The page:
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Insurance Coverage for Therapy: How Do I Pay for Therapy?

Westside Behavioral Care / Insurance Coverage for Therapy: How Do I Pay for Therapy?
Insurance Coverage for Therapy: How Do I Pay for Therapy?

If you have private health insurance, Medicaid, military coverage, or Medicare, it may cover mental health services such as therapy. Before you start therapy, you should check with your insurance plan to see what is covered.

Insurance companies vary in terms of which mental health conditions they cover. That means some insurance policies may not cover certain mental health disorders.

Your employer may also offer an employee assistance program. These programs typically offer one to eight sessions of mental health treatment for free or at a very low cost. Your spouse or partner may also be eligible for these benefits.

Government-sponsored health care programs are another potential source of mental health services. These include Medicare for people age 65 and older and people with disabilities, as well as health insurance plans for military personnel and their dependents. In some states, including Colorado, Medicaid programs also cover mental health services.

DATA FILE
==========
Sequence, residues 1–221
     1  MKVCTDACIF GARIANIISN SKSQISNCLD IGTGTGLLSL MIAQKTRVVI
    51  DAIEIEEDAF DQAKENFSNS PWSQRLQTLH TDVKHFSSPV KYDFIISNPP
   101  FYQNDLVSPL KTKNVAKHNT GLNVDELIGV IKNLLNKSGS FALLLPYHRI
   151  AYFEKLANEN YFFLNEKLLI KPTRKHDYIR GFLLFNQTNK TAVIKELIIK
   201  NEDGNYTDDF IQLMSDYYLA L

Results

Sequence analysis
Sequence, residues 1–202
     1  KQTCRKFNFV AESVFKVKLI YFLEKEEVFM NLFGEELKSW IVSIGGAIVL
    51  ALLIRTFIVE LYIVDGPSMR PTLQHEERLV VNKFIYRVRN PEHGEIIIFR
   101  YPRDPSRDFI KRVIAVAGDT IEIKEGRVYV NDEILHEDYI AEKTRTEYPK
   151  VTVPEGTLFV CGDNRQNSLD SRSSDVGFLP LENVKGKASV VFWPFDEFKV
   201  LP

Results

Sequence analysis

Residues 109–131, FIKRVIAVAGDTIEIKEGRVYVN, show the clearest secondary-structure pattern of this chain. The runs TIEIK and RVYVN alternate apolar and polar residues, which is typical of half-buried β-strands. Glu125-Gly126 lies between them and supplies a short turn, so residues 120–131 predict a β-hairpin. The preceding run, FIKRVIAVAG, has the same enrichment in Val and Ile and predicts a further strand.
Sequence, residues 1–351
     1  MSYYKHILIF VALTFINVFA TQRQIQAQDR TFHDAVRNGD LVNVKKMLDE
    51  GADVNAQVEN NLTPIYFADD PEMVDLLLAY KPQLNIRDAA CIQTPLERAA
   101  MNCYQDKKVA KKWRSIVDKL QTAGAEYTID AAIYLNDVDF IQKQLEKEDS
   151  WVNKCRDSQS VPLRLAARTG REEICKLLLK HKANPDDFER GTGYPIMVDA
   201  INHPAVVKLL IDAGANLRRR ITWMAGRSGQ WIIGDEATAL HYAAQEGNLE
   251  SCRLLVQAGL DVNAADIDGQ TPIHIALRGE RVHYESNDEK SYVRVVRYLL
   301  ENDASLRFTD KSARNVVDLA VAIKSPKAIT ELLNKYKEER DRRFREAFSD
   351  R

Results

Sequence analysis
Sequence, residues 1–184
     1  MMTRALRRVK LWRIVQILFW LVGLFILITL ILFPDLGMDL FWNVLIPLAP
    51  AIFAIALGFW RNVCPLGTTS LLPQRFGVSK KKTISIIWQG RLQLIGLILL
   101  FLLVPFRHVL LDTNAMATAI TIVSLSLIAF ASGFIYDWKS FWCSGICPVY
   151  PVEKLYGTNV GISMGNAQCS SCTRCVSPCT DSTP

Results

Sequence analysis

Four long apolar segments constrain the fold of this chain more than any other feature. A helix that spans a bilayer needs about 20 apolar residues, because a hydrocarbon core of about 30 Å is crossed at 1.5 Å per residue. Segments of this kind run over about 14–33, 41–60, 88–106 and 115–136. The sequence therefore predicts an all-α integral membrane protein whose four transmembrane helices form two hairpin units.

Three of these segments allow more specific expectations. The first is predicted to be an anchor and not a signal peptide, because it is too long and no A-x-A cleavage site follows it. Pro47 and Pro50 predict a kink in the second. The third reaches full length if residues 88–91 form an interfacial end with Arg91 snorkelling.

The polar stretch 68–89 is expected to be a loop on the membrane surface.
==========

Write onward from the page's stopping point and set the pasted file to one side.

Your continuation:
Look on the back of your insurance card for a phone number for mental or behavioral health or call your insurance company’s customer service number. Before your first psychotherapy appointment, ask your insurer the following questions:

Does my plan cover mental health services?

Do I have a choice about what kind of mental health professionals I can see?

What kinds of treatments are covered and excluded.

Is there a deductible? In some plans, you have to pay a certain amount yourself before your benefits start paying. Also ask how much the deductible is, what services count toward your deductible and when your deductible amount starts over again. Some deductibles re-set at the first of the year, for example, while others re-set at the beginning of your employer’s fiscal year.

What is my co-payment? Your plan probably requires you to pay for part of treatment yourself by paying either a set amount or a percentage of the fee directly to your therapist for each treatment session.

Is there a limit to the number of sessions? This article was paraphrased from a publication by the American Psychological Association.